Hi SinJin--The group that's had the most success retiring grazing allotments is the National Wildlife Federation in the Northern Rockies: www.hcn.org/blogs/goat/sheep-versus-bear-agency-versus-agency . I believe most of the active efforts to buy out both grazing permits and oil and gas leases are either Congressionally authorized through specific legislation (see the Rocky Mountain Front for an example of oil and gas buyouts and Jodi Peterson's story on grazing: http://www.hcn.org/issues/4[…]vironmentalist-grazing-wars). I think in the case of the Northern Rockies, it's a function of how the National Forest Plan is drafted. Where there is neither enabling legislation, or a land management plan that calls for buyouts and retirements, I'm not sure it's legal to do so. Definitely a question worth looking into.

Sarah Gilman, Associate Editor of HCN
Veronica Egan
Veronica Egan
Oct 09, 2012 02:04 PM
Hi Sinjin,

Alas, it will take an act of Congress to enable permanent permit buyout and retirement. The Rural Economic Vitalization Act (REVA) would do just that; allow private dollars to buyout and then retire grazing allotments. It is a fiscally and environmentally sound effort backed primarily by the Sierra Club and Great Old Broads for Wilderness.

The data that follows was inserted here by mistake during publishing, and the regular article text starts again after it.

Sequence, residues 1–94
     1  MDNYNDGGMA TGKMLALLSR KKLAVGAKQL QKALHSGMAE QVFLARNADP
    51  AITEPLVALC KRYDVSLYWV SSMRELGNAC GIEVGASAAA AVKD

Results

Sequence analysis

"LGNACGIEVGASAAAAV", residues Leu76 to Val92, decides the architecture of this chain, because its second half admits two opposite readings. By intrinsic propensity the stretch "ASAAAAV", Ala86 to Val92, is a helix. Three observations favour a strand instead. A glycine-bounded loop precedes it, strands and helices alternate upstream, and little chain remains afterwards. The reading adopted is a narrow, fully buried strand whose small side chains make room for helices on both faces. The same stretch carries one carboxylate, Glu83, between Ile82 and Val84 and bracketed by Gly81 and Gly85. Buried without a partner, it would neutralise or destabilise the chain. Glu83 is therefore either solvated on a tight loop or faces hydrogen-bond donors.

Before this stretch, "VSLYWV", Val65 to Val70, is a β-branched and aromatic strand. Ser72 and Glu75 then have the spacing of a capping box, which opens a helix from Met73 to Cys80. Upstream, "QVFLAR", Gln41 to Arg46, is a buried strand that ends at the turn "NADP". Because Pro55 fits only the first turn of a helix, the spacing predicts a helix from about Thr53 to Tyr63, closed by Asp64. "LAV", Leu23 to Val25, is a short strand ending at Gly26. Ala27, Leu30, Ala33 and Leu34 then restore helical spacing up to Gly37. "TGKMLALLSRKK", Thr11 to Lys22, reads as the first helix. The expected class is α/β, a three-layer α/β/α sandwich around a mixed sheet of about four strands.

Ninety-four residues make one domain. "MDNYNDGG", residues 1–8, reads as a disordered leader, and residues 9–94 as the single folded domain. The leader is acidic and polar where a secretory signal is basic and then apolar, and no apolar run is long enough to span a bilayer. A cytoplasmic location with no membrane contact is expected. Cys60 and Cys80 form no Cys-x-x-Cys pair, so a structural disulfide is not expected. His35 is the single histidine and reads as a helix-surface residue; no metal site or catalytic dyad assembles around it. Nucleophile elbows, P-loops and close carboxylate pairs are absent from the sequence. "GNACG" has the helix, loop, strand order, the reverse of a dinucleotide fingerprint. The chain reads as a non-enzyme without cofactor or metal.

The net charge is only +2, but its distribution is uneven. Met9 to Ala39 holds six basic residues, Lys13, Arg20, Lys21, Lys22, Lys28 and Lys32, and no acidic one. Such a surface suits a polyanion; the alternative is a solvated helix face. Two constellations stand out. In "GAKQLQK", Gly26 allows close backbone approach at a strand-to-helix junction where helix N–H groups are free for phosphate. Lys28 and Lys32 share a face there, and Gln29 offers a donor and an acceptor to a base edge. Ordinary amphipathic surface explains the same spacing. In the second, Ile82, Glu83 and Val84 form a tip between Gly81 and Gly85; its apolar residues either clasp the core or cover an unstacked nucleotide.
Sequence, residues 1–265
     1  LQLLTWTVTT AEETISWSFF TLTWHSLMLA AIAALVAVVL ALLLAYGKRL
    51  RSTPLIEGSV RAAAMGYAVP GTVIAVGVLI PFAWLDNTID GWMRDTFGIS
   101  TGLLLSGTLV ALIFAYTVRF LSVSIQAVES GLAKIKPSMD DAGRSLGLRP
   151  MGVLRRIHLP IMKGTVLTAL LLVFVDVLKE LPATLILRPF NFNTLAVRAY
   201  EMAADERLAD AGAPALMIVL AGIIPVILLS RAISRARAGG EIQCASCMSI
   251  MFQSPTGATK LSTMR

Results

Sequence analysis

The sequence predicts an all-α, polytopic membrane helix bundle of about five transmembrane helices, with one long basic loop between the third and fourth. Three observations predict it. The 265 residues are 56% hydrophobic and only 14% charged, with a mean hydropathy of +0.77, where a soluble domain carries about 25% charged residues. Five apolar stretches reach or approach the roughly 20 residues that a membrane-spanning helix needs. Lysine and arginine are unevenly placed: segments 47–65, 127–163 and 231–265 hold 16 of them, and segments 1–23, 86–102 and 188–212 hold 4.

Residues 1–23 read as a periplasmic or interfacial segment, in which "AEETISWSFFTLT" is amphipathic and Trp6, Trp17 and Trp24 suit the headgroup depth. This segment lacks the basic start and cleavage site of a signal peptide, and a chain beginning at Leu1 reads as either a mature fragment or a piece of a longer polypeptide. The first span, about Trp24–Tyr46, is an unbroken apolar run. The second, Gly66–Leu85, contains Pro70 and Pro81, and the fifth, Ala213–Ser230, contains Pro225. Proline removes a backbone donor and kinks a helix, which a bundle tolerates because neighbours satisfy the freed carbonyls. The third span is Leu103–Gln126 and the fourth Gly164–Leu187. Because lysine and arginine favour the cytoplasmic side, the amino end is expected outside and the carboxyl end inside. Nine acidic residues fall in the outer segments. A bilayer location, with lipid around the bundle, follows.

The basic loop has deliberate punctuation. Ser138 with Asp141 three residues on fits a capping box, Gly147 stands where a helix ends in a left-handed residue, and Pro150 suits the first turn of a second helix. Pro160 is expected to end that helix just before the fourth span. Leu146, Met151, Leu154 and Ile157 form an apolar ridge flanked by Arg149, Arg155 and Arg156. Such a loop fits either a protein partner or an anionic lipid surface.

C Sinjin Eberle
C Sinjin Eberle Subscriber
Oct 09, 2012 02:09 PM
Hey Ronni! Great to see (hear from) you! Thanks for the info - I had no idea that was circulating. Will check it out.

Please be safe in Utah ;-)
Sarah Gilman
Sarah Gilman Subscriber
Oct 09, 2012 02:53 PM
Yeah, thanks Ronni! That's the one Jodi's article focused on. Here's the link if you're still interested, SinJin: http://www.hcn.org/issues/4[…]vironmentalist-grazing-wars
Martin Hagen
Martin Hagen Subscriber
Oct 11, 2012 01:33 PM
I'm sure there are some areas where cows have "over stayed their welcome" and have caused problems that you are refering to and I agree they need to be taken out of the drainage, but, I dissagree on a permanant basis if there is a long history of large animals having been part of the ecosystem. Let me remind you that our species affectively eliminated the bison on their native range and replaced them with domestic cows. The land in question needs large animals on it to be healthy. But, I have been successfuly diverted from my message. That being, well said Sarah! I'm a member of the coalition and it has been very gratifying to see that the priority of people, across the board, values what is there versus what we can get out of it.
Martin Hagen
Martin Hagen Subscriber
Oct 11, 2012 01:44 PM
Hello, just a post script to my comment that I ment to include. The question of cows on public lands given the facts boils down to, in my mind, a matter of where, and the management practices imployed to help emulate the effect bison had on their ancestral range (by the way, there was a species of mountain bison).
Veronica Egan
Veronica Egan
Oct 11, 2012 02:41 PM
Alas, Martin, the bison were able to migrate over millions of acres whereas domestic livestock are not permitted to do so. In addition, domestic cattle evolved in moist riparian zones in the Mid East and Asia, hence their preference for our extremely limited riparian areas in the arid American West. Modern domestic bovines kept in fenced pastures, no matter how large, are not interchangeable with bison.